Decoding Data Protection

The objective of the Data Protection Framework is to ensure the growth of the digital economy, while keeping personal data of the citizens secure and protected

- maildqindi­ Subramanya Ajjampur

The Government of India has constitute­d a Committee of Experts under the Chairmansh­ip of former Supreme Court Justice Shri. B. N. Srikrishna to study the various issues relating to the Data Protection in India and make proper improvemen­ts on principles to be considered for the Data Protection in India and suggest a ‘draft’ Data Protection Bill. The objective of the Data Protection Framework is to “ensure the growth of the digital economy while keeping personal data of the citizens secure and protected”.

Mentioned below are the components of India’s Privacy Framework:

Free and Fair Digital Economy This report is based on the fundamenta­l belief shared by the entire Committee that, if India is to shape the Global Digital landscape in the 21st century, it must have a proper legal framework relating to personal data that can work as a standard framework for the developing world. The protection of personal data holds the key to innovation, progress, and empowermen­t of the country. This is the same as the GDPR which is been implemente­d across the EU. Jurisdicti­on and Applicabil­ity The Data privacy law of India will have jurisdicti­on over the processing of personal data if such data has been used, shared, disclosed, collected or otherwise processed in India. However, in respect of processing by fiduciarie­s that are not present in India, the law shall apply to those carrying on business in India or other activities such as profiling which could cause privacy issues to data principals in India. Processing The Data Protection Authority (DPA) may issue guidance explaining the standards in the definition as applied to different categories of personal data in various contexts. The Data protection law will cover the processing of personal data by both public and private entities. The DPA lays down the standards for pseudonymi­zation and anonymizat­ion. If the Anonymous data that is laid down by the DPA meets the industry standards it would be exempt from the law.

Sensitive personal data will include passwords, financial data, health data, biometric and genetic data. Also includes data that reveals transgende­r status, caste, tribe, religious or political beliefs or affiliatio­ns of an individual. A data principal below the age of eighteen years will be considered a child.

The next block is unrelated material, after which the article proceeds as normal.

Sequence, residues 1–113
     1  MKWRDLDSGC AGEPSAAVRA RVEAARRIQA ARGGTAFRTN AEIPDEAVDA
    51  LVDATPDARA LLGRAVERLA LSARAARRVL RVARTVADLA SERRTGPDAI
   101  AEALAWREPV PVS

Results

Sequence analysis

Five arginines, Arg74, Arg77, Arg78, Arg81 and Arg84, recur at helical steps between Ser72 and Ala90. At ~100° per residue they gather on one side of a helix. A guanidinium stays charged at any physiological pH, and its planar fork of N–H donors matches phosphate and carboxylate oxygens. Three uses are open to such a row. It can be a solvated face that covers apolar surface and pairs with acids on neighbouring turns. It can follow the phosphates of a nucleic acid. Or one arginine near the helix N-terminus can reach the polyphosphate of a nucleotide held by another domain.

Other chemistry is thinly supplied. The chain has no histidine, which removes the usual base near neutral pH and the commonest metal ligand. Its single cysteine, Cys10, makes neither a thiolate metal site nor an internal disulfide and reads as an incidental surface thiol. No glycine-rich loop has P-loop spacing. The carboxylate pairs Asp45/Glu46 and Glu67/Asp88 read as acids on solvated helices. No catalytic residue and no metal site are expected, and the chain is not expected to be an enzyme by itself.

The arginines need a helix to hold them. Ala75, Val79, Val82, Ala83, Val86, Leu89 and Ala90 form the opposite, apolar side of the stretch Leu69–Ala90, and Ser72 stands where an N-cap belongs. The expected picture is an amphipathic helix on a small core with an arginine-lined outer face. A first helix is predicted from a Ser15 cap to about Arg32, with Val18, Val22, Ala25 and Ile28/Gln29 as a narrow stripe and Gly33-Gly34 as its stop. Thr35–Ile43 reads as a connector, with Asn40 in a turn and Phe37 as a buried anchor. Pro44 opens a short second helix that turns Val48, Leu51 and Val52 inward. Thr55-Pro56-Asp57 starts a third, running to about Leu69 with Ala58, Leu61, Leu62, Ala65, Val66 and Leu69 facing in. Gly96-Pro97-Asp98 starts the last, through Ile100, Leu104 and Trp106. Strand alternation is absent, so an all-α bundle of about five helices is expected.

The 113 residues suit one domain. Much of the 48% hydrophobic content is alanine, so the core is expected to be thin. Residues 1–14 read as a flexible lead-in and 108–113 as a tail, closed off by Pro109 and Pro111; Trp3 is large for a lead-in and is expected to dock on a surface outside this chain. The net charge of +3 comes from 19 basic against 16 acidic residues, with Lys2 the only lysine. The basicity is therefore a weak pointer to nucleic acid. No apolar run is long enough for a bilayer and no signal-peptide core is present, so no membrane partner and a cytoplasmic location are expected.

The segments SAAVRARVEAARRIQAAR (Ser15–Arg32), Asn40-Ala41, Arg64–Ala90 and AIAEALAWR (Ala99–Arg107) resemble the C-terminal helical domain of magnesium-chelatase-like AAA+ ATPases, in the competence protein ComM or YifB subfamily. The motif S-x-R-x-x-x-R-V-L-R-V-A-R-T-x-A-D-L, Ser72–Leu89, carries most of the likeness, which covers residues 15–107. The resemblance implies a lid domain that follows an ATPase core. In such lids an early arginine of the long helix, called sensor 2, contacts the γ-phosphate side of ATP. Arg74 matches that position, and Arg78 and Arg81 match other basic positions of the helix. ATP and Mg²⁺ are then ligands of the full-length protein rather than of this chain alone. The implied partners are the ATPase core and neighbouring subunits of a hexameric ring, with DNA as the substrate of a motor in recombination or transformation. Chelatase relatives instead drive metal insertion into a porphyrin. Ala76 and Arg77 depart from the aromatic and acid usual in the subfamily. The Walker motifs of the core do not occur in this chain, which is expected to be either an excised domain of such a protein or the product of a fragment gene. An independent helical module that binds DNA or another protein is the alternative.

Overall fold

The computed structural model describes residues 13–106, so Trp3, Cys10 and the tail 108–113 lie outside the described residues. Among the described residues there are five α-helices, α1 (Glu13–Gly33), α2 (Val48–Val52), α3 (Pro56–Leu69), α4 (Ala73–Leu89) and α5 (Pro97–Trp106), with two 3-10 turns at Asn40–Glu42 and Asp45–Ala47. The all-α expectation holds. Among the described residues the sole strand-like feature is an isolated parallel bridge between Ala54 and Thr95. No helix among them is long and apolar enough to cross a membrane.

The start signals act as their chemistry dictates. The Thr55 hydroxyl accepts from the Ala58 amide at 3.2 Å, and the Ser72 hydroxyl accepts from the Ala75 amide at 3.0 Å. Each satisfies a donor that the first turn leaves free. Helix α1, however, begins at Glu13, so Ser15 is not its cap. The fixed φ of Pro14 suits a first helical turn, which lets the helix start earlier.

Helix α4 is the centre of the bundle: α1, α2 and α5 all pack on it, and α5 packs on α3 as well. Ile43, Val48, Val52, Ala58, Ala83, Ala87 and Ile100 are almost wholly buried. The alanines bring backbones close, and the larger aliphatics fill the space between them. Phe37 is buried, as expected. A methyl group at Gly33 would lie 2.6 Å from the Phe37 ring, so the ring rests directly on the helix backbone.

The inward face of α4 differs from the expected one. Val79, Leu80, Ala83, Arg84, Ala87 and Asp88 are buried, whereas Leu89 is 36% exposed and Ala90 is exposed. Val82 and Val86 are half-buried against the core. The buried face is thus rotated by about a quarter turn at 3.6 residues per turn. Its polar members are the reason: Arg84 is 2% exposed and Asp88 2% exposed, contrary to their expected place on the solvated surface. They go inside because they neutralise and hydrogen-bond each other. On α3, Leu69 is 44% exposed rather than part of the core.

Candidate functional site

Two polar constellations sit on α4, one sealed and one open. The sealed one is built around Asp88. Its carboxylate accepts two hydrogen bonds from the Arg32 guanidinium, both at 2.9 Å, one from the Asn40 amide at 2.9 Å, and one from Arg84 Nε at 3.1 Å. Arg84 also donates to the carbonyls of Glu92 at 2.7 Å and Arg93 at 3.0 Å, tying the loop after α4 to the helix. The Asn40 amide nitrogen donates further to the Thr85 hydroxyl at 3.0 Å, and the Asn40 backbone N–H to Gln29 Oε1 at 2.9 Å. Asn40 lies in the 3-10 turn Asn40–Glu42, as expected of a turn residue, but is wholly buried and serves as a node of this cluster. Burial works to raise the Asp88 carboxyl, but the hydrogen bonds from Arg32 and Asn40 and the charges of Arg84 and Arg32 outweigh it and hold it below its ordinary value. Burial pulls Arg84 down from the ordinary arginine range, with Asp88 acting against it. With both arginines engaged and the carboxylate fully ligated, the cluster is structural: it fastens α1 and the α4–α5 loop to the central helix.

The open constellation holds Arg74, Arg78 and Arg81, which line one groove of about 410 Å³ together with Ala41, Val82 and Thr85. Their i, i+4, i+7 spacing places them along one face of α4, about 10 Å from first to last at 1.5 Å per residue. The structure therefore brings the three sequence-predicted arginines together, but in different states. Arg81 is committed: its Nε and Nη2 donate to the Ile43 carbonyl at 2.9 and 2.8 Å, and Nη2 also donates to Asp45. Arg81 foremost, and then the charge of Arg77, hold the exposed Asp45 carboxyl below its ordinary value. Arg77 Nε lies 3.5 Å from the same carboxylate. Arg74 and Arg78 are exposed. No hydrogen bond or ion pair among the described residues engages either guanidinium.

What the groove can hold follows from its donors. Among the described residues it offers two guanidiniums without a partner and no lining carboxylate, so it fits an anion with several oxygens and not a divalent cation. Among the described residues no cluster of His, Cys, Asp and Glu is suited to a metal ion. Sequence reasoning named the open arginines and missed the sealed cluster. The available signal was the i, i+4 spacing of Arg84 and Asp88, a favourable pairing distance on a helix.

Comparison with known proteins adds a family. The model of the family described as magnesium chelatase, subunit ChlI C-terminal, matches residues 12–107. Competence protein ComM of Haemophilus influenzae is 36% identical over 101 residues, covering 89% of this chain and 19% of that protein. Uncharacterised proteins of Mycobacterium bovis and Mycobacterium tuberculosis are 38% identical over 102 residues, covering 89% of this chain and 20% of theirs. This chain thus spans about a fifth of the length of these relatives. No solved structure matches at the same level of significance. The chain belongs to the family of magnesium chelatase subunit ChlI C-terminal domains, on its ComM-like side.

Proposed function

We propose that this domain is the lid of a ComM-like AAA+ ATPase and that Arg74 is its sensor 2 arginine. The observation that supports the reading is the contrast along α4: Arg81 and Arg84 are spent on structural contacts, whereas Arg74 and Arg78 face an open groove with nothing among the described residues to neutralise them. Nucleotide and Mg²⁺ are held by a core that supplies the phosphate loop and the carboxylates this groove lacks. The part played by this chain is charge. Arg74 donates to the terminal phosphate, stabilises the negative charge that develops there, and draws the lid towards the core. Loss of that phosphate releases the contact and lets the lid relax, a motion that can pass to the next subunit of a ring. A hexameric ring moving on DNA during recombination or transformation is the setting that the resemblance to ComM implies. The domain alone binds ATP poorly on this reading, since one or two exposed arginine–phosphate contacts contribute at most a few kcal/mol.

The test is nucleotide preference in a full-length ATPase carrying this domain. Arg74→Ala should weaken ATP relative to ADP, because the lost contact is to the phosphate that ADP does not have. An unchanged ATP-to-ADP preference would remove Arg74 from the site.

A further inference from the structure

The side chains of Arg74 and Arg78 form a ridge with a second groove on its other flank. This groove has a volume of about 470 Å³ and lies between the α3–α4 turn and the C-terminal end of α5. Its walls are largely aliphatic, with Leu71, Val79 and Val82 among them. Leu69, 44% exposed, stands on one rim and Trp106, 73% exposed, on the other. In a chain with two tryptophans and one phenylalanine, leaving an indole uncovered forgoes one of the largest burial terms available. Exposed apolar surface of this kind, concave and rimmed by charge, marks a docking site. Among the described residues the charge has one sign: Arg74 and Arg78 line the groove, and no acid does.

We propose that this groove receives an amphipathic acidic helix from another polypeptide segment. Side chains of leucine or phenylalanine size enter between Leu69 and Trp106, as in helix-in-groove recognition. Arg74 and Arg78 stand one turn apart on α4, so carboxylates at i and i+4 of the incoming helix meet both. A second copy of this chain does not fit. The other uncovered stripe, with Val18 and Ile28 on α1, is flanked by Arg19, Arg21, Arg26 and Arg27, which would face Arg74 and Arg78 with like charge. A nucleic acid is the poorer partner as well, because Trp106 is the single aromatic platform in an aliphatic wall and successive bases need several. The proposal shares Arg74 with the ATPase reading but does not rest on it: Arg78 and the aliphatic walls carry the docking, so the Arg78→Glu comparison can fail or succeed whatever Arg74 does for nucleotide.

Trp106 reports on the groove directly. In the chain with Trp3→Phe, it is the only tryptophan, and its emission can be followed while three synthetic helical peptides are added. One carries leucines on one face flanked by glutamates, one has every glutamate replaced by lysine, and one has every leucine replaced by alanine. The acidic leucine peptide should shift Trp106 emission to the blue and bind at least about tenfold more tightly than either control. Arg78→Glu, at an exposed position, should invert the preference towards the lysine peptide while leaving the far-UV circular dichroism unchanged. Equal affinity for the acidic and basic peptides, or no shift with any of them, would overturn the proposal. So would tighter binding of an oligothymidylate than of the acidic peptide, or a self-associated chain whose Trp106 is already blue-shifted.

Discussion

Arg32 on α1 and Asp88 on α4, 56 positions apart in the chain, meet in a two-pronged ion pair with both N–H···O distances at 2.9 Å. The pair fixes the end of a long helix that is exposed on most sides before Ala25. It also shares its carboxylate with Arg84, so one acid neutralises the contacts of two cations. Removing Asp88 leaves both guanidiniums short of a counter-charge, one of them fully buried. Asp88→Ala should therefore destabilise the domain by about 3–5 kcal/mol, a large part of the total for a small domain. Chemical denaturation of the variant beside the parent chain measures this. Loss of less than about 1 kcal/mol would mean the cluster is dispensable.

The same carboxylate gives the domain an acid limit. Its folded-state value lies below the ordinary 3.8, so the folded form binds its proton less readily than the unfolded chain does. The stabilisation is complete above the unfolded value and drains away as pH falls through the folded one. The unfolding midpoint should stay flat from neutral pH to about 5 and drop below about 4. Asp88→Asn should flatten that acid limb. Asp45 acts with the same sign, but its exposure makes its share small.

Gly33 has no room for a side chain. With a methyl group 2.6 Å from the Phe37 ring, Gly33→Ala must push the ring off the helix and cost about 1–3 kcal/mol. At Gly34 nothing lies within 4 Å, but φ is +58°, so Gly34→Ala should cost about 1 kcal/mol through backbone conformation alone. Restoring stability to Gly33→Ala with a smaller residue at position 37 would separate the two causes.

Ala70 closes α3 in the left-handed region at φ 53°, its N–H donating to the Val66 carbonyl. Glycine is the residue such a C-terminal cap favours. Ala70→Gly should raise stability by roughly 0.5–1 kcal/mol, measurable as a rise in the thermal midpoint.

Consent will be a lawful basis for the processing of personal data. For consent to be valid it should be free, informed, specific, clear and capable of being withdrawn. For sensitive personal data, consent will have to be explicit.

Obligation­s of Data Fiduciarie­s

The relationsh­ip between the data controller and the data subject is to improve this as a fiduciary relationsh­ip between the data fiduciary and data principal. There shall be obligation­s of data quality and storage limitation on data fiduciarie­s.

A data fiduciary is obliged to provide proper notice to the data principal without further delay than at the time of the collection of the personal data.

Data Principal Rights

The right to access, confirmati­on and correction should be included in the data protection law. The right to object to direct marketing, right to object to decisions, right to object to processing, based on solely automated processing and the right to restrict processing need not be provided in the law for the reasons set out in the report.

The right to data portabilit­y, subject to limited exceptions, should be included in the data protection law.

The right to be forgotten may be adopted; the DPA determinin­g its applicabil­ity on the basis of the five-point criteria as follows: i) The sensitivit­y of personal data should be restricted; ii) the scale of disclosure or degree of accessibil­ity should